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Chook Evolution Rate Questions Domestication Rate and Human Migration

Posted: October 30th, 2015 | Author: | Filed under: Applied Science, Engineered Life, Genetics | Tags: , , , , | Comments Off on Chook Evolution Rate Questions Domestication Rate and Human Migration

Chicken evolution rate challenges timings of domestication and human migrationChickens are evolving faster than previously thought, according to new research that challenges ideas of when they were domesticated and may have implications for human migration.

The findings, published in journal Biology Letters, are based on a genetic analysis of a chicken population that can be traced back over 50 generations.

The international team of researchers sequenced 12 mitochondrial genomes – DNA generally thought to be passed down from the mother to their offspring – in a well-known population of White Plymouth Rock chickens.

Previous chicken research – March 2014 – has been used to gauge human events in history, notably that Christopher Columbus beat Polynesians to South America :: Read the full article »»»»


Unborn Human Fetus Genome Mapped

Posted: June 13th, 2012 | Author: | Filed under: Cankler Science News | Tags: , , , , , , , , | Comments Off on Unborn Human Fetus Genome Mapped

Unborn Human Fetus Genome MappedResearchers in the US have mapped the genome of an unborn fetus, the breakthrough marks a significant advance in prenatal and genetic medicine, but also one that raises profound ethical issues. As a result, researchers at the University of Washington say they will be able to screen a foetus that is only eight weeks old for thousands of genetic disorders with an accuracy of 98 per cent.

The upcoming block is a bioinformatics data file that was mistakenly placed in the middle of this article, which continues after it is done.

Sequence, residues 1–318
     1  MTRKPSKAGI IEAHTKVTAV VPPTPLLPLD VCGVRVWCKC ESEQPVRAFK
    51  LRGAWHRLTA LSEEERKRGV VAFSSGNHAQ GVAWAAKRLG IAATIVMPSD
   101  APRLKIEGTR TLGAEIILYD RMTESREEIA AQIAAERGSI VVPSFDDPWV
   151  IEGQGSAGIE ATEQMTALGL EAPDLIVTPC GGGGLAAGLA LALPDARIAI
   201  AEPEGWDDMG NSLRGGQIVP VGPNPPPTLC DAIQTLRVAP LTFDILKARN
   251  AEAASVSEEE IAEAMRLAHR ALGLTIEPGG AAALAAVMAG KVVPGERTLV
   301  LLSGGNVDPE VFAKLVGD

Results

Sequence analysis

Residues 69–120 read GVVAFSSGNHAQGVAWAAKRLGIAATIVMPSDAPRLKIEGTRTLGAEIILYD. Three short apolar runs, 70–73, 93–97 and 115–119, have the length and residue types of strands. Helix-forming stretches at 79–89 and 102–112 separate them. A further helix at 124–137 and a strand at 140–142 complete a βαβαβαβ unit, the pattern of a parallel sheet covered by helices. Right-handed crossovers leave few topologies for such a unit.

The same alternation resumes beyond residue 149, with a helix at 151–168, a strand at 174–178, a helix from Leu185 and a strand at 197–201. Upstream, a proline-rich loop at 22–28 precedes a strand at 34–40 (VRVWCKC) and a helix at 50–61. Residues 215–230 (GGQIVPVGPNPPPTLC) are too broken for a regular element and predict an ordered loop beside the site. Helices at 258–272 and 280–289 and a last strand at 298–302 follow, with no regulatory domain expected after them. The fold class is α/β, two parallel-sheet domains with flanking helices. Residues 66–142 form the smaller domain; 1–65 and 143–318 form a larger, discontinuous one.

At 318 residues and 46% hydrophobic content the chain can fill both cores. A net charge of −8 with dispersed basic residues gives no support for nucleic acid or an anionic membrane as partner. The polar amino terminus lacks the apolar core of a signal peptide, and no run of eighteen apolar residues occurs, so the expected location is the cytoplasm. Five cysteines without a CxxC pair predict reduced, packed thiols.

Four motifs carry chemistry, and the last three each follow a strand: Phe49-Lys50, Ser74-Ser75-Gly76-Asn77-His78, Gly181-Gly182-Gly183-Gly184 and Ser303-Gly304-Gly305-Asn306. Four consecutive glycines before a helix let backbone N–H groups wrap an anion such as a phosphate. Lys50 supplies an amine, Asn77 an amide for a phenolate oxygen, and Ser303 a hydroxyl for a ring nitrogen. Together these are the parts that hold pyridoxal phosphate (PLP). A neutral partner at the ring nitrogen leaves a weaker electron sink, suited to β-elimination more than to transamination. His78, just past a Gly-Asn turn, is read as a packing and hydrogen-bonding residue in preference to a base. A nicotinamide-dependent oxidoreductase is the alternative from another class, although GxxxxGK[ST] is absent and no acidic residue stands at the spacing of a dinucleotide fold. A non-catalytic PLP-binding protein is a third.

Currently, the common procedure for pregnant women who want to check their baby for genetic, chromosomal abnormalities is Amniotic Fluid Test – AFT – or Amniocentesis, it’s a risky procedure in which a small amount of amniotic fluid, which contains foetal tissue is sampled – via a very large needle – from the amnionic sac surrounding the fetus.

Researchers were able to map the genomes of two fetus’ via non-invasive maternal blood and paternal saliva samples taken from two pregnant women halfway into their second trimester at 18 weeks gestation. The samples contained enough information to accurately interpret the babies DNA :: Read the full article »»»»


Australia’s Evolving Hybrid Shark

Posted: January 4th, 2012 | Author: | Filed under: Applied Science, Cankler Science News, Ecology | Tags: , , , , , , , | Comments Off on Australia’s Evolving Hybrid Shark

Marine biologists have for the first time observed a potential new mechanism of evolution. While cataloging sharks it was discovered that Australian Black Tipped sharks are adapting to the changing environment off the Australian East Coast through interbreeding with it’s cousin, the common Black Tipped shark. It is believed that if the changes are successful this will produce a stronger species, unlike all of Hollywood’s versions of man building a super shark nature is in charge here, and unfortunately she hasn’t integrated lasers just yet.